New Anaphora Journal Issues Released – CCR and PLJ

The latest Summer 2016 issues of Anaphora’s two journals: Pennsylvania Literary Journal and Cinematic Codes Review have been released. These latest issues below include an interview with the Vice President of Ripley’s Believe It or Not, an award-winning illustrator, and the winners of the Brooklyn Film Festival. There are also scholarly essays from academics, and detailed reviews of recent releases and forthcoming books in fiction and non-fiction.

Brownsville, TX, September 06, 2016 --( Both journals are always seeking general submissions in various fields, from cinema studies, to literature studies to politics, economics and history. You’re warmly invited to submit or to invite your colleagues to submit. Issues are finalized at the end of July, November and May. Anaphora is also always looking for book-length submissions. PLJ has won a CCCC award for one of its essays. You can find more information on the journal’s Anaphora webpages.

Pennsylvania Literary Journal:

Purchase on CreateSpace: $10:

Cinematic Codes Review:

Purchase on CreateSpace: $15:

Purchase on Amazon:

Reviews of Fiction and Non-Fiction: Volume VIII, Issue 2: Summer 2016: ($10, 170pp, 6X9”, ISBN-13: 978-1-5374-1896-4, September 1, 2016; Purchase on CreateSpace or Amazon): This issue of PLJ includes many detailed critical non-fiction and fiction book reviews from the editor, together with a narration of her misadventures at the American Library Association conference. An essay by Andrea Phiana Borunda offers a critical study of cultural memory in Cabeza de Vaca’s La Relacion. Michelle Hunt’s essay considers how women might be treated as commodities in Breath, Eyes, Memory and The Bluest Eye. The poetry section offers dense and complex literary poems by Thomas Piekarski and John White.

Pennsylvania Literary Journal (ISSN#: 2151-3066; Library of Congress Catalog Number: PN80.P46) is a printed peer-reviewed journal that publishes critical essays, book-reviews, short stories, interviews, photographs, art, and poetry.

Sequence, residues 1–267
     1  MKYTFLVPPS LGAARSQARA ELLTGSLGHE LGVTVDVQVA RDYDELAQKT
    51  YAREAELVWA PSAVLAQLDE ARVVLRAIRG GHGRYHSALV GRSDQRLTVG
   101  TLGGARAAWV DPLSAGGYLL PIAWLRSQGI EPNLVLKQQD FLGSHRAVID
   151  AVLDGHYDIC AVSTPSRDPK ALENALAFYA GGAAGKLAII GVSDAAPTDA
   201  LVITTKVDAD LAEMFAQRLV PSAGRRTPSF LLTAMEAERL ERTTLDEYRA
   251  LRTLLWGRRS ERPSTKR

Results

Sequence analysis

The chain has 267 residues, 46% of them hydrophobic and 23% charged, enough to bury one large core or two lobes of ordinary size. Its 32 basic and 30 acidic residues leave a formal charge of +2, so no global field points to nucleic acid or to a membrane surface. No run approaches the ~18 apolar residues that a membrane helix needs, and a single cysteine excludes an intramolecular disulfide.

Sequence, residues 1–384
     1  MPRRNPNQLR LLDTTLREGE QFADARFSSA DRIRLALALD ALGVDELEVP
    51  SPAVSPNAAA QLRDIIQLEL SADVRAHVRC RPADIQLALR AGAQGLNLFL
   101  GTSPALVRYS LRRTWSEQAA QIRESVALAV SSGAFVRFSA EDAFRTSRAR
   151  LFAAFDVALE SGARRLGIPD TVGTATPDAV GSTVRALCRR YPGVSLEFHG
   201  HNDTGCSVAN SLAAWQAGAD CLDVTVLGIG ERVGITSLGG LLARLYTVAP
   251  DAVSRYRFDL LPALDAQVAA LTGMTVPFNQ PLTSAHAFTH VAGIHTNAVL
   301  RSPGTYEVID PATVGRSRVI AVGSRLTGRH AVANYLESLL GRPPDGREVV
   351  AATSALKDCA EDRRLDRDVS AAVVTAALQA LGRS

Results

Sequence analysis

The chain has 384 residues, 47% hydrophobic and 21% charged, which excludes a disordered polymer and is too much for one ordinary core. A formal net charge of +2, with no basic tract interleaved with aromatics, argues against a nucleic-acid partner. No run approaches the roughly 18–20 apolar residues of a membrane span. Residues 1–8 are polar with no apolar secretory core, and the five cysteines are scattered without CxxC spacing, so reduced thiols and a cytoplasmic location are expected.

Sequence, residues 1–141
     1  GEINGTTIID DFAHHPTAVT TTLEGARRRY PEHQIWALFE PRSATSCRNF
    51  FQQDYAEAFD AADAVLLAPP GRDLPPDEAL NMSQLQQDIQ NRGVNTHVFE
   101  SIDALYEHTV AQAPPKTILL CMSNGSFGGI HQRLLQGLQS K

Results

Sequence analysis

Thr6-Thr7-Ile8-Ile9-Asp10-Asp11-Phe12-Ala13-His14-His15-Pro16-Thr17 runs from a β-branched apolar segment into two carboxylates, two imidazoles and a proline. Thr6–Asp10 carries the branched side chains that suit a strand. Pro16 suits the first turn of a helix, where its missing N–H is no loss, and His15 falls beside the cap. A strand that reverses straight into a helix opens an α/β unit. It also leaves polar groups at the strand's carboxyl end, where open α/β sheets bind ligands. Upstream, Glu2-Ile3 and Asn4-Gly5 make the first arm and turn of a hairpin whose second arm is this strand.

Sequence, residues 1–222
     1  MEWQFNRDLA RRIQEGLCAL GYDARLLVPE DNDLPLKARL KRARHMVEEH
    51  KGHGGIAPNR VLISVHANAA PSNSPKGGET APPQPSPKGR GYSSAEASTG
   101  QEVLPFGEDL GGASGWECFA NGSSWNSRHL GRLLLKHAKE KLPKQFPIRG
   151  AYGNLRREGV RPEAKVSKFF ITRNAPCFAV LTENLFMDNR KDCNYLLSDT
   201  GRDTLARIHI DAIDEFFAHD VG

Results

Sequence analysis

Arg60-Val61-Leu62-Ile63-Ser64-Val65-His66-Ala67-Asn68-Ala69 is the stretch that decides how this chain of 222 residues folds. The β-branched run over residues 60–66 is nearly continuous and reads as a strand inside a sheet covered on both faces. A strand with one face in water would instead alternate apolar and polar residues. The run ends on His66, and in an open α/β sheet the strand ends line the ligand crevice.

Interviews with Ripley’s, an Illustrator, and the Winners of the BFF: Volume I, Issue 2, Summer 2016: ($15, 6X9”, 236pp, ISBN-13: 978-1-5374-6124-3, September 3, 2016; Purchase on CreateSpace or Amazon): This second issue of the Cinematic Codes Review includes innovative scholarship and critical pieces. The essays include cinematic theory studies such as Felicia Cosey’s examination of paternal authority in post-apocalyptic films. Carolin Kirchner examines aesthetics in Rainer Werner Fassbinder’s work. Robert McParland studies value in Apocalypse Now. Keith Moser’s new contribution to Anaphora’s journals looks at the crisis of simulation in Black Mirror. Antonio Sanna looks at grandeur in the Star Wars series. And Barbara Gambini considers the cinematic effects in Pascoli’s industrial oblivion. The interviews section includes two interviews conducted by the editor, before, after and during her trip to the ALA conference in Orlando, Florida, with Mark Wayne Adams, the award-winning illustrator, and Edward Meyer, the Vice President of Ripley’s Believe It or Not! Their replies are frank, surprising and informative. For the first time, a couple of the interns have stepped up to help add a new perspective. Garrett Donnelly, a Columbia student, conducted a series of interviews with the winners of the Brooklyn Film Festival this summer. These BFF interviews are with Bentley Brown, Lou Hamou-Lhadj and Andrew Coats, Alix Blair and Jeremy Lange, Alicia Slimmer, and Claire Carré and Charles Spano. And Samantha Lauer wrote a set of reviews of films that she liked and disliked watching, offering some detailed criticisms for viewers and academics alike. The cover image is from Alicia Slimmer’s Creedmoria film, and her interview can be found amount Donnelly’s other BFF discussions.

Cinematic Codes Review: ISSN 2473-3385 (print); ISSN 2473-3377 (online): features works in all visual genres, especially those with moving pictures, be they music videos, feature films, documentaries, photography, or just about any other mode or genre of art that does not fall into the realm of “literature,” which will be the primary object of Anaphora’s Pennsylvania Literary Journal.

“Thank you for a very fair review of my show. You seem to understand it very well. Appreciate you taking the time to go through several episodes, not just the pilot. Many more good things on the way and hopefully the show will get even better. I’m certainly having a blast.” –Jack Maxwell, Host, Booze Traveler, Travel Channel

The journals are also available at libraries via EBSCO and ProQuest. I hope you’ll share the links to CreateSpace and will encourage your contacts to purchase the issue. Let me, the Director, Anna Faktorovich, know if you have any questions or concerns.
Anaphora Literary Press
Anna Faktorovich
Facebook: anna.faktorovich
Linkedin: pub/anna-faktorovich/2b/381/606
Twitter: AnnaFaktorovich